In 1998, I was drawn into the epic romance of a song I enjoyed but had never actually experienced. Dave Mathews Band wrote “Say Goodbye”, on Crash, and I couldn’t stop listening to it during my senior year of high school. It is a song of lust and longing for the lover you couldn’t keep for more than just one night. It is a beautiful, passionate song, and let’s just say that my relationships in the time before graduation never lived up to it.
Flash forward nearly 20 years. My son and I got really into Camaros. His interest in cars started in kindergarten, and, as mine blossomed closer to middle age, I began shopping for a second car as a companion to my trusty FJ Cruiser. I researched and got seat time in many fun cars to enjoy together, and I took him along whenever I could.
I had driven many Camaros, but this one was a little more special. I did a lap around the dealership with the sales rep, and he offered me an extended test drive if I brought in my son. I jumped at the chance. After all, this was quite a car to show off to a little boy! It was a V8. It had magna ride. It was yellow with the black graphics package. It had the active exhaust. It had Eagle F1 Supercar Tires. It was yellow.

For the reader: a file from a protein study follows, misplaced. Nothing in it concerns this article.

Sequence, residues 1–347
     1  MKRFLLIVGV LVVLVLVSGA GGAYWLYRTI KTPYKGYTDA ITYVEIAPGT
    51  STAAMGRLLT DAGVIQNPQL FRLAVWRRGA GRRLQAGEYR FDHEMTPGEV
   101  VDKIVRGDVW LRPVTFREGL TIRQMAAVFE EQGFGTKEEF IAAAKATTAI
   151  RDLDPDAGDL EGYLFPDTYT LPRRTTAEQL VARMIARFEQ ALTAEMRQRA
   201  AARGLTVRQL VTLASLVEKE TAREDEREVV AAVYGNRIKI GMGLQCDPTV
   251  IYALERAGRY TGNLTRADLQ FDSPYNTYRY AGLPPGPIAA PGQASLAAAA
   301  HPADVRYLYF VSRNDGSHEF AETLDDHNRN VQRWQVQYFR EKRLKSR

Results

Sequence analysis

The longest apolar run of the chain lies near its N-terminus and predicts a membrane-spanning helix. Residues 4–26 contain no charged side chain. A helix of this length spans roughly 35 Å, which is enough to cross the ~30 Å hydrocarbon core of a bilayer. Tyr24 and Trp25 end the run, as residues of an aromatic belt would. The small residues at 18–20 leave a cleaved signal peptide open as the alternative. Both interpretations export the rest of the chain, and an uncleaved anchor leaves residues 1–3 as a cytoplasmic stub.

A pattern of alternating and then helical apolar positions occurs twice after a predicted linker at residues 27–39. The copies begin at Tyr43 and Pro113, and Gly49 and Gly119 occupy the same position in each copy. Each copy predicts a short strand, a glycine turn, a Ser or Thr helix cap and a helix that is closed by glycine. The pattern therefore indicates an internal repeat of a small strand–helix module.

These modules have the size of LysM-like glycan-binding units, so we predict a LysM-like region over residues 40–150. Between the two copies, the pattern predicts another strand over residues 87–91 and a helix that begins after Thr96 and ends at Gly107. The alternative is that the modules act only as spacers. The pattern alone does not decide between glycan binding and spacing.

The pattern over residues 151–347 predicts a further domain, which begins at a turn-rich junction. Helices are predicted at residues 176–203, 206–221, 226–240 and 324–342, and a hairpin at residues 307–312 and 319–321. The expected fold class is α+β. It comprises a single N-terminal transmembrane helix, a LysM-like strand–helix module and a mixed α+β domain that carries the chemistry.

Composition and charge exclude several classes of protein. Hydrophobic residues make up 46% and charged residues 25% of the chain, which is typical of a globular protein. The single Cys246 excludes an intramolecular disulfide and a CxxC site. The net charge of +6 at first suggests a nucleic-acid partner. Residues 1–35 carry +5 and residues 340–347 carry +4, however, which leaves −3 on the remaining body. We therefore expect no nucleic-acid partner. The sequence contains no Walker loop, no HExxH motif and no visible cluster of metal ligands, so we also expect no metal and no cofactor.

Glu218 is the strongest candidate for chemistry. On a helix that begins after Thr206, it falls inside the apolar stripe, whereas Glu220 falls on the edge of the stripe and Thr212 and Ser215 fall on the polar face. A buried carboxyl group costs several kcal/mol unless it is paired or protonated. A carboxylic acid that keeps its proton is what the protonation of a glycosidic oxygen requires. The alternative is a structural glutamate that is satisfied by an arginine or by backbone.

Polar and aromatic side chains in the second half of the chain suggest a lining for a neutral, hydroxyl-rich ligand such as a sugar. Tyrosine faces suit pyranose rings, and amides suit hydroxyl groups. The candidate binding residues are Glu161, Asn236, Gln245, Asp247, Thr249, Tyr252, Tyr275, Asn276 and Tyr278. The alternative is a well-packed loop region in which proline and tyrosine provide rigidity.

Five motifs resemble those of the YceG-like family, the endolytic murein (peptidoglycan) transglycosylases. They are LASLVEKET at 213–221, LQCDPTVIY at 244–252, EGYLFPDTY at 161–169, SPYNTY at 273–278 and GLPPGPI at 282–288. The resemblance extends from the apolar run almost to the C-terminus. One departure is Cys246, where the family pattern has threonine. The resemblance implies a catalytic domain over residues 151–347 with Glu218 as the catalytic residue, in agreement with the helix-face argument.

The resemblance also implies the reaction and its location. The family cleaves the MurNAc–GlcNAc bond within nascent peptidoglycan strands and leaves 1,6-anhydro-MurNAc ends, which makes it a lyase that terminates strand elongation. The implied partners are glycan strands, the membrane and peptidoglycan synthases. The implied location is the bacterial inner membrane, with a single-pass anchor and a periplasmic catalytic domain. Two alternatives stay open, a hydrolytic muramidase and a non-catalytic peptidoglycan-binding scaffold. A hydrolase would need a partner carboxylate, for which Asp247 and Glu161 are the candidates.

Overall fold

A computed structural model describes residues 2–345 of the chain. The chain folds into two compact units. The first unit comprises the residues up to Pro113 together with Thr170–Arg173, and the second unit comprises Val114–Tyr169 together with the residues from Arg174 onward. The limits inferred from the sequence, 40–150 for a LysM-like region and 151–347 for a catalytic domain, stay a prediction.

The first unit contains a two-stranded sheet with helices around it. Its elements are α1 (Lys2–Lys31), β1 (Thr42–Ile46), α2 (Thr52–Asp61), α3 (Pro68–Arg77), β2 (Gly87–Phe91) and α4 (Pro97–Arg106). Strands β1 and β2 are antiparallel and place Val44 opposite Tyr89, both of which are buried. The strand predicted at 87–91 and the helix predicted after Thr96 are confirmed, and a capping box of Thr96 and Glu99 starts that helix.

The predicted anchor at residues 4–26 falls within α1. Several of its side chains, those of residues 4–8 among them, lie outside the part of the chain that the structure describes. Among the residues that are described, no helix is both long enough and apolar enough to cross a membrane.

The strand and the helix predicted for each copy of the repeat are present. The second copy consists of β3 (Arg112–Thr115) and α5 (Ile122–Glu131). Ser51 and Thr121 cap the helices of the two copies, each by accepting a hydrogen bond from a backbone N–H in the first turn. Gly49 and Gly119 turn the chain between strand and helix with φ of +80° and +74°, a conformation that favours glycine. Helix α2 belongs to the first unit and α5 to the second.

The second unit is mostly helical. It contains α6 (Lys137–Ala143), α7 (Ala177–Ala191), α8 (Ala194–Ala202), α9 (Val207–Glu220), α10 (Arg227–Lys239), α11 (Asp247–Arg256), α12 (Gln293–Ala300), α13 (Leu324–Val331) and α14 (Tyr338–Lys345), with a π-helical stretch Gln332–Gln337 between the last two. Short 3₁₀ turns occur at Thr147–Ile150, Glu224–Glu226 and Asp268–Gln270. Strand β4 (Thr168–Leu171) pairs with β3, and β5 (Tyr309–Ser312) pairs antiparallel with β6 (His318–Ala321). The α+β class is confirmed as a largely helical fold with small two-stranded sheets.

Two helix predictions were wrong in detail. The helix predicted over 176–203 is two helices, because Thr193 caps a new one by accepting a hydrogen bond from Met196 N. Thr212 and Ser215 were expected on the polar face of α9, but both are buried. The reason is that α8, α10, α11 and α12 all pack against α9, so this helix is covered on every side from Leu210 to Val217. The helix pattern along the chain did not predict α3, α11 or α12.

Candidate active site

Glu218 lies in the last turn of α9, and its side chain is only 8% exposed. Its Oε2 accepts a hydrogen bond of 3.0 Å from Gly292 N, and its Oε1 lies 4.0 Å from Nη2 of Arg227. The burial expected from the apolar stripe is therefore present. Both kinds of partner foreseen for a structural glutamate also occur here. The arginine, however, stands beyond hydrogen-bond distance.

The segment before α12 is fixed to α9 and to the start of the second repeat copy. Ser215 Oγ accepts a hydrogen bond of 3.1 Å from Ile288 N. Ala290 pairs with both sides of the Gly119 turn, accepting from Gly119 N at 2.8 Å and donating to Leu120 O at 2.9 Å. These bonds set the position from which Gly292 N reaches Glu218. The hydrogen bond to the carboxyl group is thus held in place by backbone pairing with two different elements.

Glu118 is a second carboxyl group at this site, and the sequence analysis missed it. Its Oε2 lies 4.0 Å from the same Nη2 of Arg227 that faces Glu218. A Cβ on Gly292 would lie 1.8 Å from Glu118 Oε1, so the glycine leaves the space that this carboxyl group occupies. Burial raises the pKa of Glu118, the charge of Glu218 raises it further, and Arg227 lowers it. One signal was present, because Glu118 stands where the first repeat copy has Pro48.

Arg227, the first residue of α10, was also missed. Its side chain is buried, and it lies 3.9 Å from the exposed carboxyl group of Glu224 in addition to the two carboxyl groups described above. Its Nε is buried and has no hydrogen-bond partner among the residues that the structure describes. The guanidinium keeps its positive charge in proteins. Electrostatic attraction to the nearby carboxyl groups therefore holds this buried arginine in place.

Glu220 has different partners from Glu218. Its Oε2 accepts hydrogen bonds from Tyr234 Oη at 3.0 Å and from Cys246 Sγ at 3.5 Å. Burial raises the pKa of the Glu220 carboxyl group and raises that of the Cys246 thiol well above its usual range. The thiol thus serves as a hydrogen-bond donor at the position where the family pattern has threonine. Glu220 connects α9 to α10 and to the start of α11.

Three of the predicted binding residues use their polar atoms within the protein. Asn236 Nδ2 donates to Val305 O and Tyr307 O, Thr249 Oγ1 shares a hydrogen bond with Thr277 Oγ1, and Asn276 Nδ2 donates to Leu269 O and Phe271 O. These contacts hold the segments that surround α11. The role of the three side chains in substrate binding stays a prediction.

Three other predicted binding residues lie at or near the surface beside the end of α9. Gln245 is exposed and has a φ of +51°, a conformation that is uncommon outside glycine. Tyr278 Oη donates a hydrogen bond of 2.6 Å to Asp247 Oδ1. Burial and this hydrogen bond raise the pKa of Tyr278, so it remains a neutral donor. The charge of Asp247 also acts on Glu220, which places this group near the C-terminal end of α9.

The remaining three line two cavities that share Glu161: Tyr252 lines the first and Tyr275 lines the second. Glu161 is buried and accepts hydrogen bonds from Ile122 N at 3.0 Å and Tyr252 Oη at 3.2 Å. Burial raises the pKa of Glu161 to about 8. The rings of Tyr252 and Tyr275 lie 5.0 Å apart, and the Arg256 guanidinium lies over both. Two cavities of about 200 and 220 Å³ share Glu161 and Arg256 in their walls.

Naturally, we named it Bumblebee.
We giggled, well, like five-year-olds as we responsibly “hooned” the car around some local roads. We listened to tunes and chatted while we cruised down the highway. For a couple of hours, I was the coolest dad in the world. For a couple of hours, I was in high school again. Pining for all the possibility of future. Finally getting to share it with someone special.
But I deliberated too long on buying the car. I’ve regretted it ever since.
We drove by the dealership a week later, and Bumblebee was still on the lot. We waved to it. We didn’t realize in a few days it would be sold. By that time, my head had convinced my heart to go with something more practical. Trade the FJ for a Jeep Wrangler? Ok, I’m not all that sensible. But still, there’s a lesson here…
We have a model of that yellow Camaro that I gaze at once in awhile whenever it surfaces from the toy box. The magic of that old music stirs me, brings me back, makes me wonder what might have been. But now I smile because it reminds me not to settle for a song. To, instead, seek the experience–however fleeting. Even if it means tomorrow we say goodbye.
We’ll always have Bumblebee!